Mckinley: And that was kind of the final piece of it really being DIY. Prior to that all the drums would be built on a computer and then we’d go to a studio somewhere and Kyle would play them. But this way everything was brought into Dylan’s house. Step A-Z, there was no reason to go anywhere else, so we were locked in there which makes it extra intimate and special.

MM: I really love the album design, and you just released a beautiful video for white noise. How hands on are you with design? Even if you aren’t in the music video, how involved are you with that?

Mckinley: It kind of varies. Some videos we are pretty involved with, and honestly in a way that can be more stressful. So for white noise we absolutely let go. We got a treatment that was like a paragraph long and our buddy Jade (Ehlers) who is a creative director of sorts went up to the Oregon coast with a director of photography and a producer and with just like, three or four people shot the video and we weren’t even there. And it was beautiful. We were just handed this video that was so magical and kind of captured this beauty and that was really lucky. 

And in other ways we’re there every step of the way. For a lot of the merch Kyle is there laying things out with the t-shirt mock-ups and doing every step of it, choosing the fabric. It kind of varies, but for the most part we’re very hands on unless we really trust someone that’s close to us. And it has to be someone that we’ve known for years. We wouldn’t just hand the control over of anything to anyone unless… there was like one time we did that.

Dylan: We’ve tried and it failed.

Mckinley: We’re control freaks.

Dylan: We usually resort to that when we’re on a time crunch or a money crunch. 

MM: How does it feel to see a music video like that, someone’s interpretation of your song?

Mckinley: That one is particularly special. It was nailed. It was perfect. They could probably do it ten more times and it wouldn’t work as well as it did. They got the perfect weather, the perfect crew, the perfect actresses. There’s nothing really you could improve on for that time frame. They had two days to do it with like four days of prep time it was so quick and it ended up being perfect.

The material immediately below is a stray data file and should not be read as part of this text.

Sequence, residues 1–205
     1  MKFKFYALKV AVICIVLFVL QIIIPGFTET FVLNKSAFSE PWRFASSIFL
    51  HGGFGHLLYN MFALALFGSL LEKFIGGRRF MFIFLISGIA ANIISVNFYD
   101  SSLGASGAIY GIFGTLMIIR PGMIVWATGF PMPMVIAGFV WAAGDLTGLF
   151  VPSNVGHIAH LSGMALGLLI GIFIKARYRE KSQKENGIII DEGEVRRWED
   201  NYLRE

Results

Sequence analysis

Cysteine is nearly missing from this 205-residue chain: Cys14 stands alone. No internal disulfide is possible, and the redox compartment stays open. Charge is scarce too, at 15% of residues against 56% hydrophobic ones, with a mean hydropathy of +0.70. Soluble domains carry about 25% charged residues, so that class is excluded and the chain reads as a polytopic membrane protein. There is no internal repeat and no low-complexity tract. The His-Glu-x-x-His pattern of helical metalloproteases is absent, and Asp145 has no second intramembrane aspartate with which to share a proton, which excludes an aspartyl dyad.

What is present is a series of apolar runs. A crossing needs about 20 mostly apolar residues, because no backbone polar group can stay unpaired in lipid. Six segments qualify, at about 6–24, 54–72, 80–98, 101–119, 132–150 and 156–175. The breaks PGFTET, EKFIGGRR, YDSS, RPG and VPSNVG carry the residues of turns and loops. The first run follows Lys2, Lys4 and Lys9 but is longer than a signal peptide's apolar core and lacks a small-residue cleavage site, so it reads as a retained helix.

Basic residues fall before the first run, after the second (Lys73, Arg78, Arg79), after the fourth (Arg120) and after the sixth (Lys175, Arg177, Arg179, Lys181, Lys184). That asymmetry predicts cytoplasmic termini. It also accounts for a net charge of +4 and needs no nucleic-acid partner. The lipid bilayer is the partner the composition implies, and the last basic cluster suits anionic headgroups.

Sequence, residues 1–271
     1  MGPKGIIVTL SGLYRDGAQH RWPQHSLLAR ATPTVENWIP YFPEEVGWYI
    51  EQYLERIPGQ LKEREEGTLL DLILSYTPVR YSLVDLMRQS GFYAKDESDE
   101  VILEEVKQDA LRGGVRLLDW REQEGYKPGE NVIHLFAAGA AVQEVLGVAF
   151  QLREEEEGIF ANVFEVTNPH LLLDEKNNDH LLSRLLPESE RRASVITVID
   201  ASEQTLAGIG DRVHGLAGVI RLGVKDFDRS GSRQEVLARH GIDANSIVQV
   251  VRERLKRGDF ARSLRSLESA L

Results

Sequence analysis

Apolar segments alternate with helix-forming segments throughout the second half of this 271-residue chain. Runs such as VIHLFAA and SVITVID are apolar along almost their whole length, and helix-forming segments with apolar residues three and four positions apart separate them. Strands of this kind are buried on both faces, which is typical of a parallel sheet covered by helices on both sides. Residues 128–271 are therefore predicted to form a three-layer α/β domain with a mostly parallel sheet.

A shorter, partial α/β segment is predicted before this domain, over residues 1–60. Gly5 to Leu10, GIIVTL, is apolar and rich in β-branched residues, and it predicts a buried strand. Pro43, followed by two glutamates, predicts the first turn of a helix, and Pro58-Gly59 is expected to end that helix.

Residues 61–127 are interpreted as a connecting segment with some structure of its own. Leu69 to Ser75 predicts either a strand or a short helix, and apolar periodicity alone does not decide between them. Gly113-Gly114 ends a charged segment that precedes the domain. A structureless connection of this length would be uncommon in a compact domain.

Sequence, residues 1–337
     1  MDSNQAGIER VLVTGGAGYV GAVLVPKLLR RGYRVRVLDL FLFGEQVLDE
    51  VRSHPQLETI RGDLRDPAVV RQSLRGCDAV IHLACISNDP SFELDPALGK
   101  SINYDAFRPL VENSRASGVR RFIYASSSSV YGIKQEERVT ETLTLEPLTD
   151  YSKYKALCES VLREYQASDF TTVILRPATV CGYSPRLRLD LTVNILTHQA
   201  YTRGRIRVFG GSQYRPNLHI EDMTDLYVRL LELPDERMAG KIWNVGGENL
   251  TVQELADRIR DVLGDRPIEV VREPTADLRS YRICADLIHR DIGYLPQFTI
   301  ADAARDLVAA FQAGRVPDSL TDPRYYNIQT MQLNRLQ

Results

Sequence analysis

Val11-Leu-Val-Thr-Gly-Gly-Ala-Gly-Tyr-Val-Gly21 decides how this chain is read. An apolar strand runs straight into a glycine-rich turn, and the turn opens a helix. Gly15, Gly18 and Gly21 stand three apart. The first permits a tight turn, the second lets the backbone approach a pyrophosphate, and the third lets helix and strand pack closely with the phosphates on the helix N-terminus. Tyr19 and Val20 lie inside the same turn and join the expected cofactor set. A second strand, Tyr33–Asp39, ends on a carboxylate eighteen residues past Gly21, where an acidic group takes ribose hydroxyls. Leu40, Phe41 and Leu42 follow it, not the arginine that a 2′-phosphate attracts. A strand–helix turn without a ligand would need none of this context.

Photo by Hannah Maynes

MM: Earlier you touched on connection with fans being really important, and I heard you have a notebook at the merch table that people can sign and leave messages in. What was the idea behind that?

Zach: We do yeah. Our tour photographer (Lily Mclaughlin) has kind of been working on finding the best way to involve her art in the world of ley lines and I’ve been talking to her a bit about what the whole album means, specifically what it means to me, and she kind of ran off that idea and found the importance of fans and how they do really play into the whole world of ley lines. So she dove into that idea by saying, why don’t I get all these fans from all these different places to write down all these… it’s a large array of things, it can be just a little ‘hey’ or it can be a ‘we love your music,’ or ‘your music has changed our lives.’ It was totally her idea and I’m really glad she came up with it because it works so well with what this tour is all about.

Mckinley: And creatively she’s really taken things in a cool direction as well. She’s doing a lot more crowd photography and kind of these intimate, close moments of the audience which we haven’t really seen much of. It’s usually just like, we get a large batch of us, and I don’t need to see myself every night over and over. So seeing these little moments, whether it’s someone just beaming, or when we played in Durham there was this photo of a couple holding each other during our song warm blood, and to see this magic and what that song means to them in a still image is pretty remarkable. Certain photos capture that and it’s really cool to see our photographer Lily nailing those moments.

MM: And it goes perfectly with the album about connection.

Mckinley: Yeah, she’s really taken the world and expanded on it because we’re busy like, playing the music. So it’s good that we have a creative family member stepping up and helping us draw a firmer line between us and the fans.

 

See our live coverage of flor here!

Stay up to date with flor: Instagram // Facebook // Twitter

Interview has been edited for clarity and length.

Interview by Zoe Orion + photos by Hannah Maynes.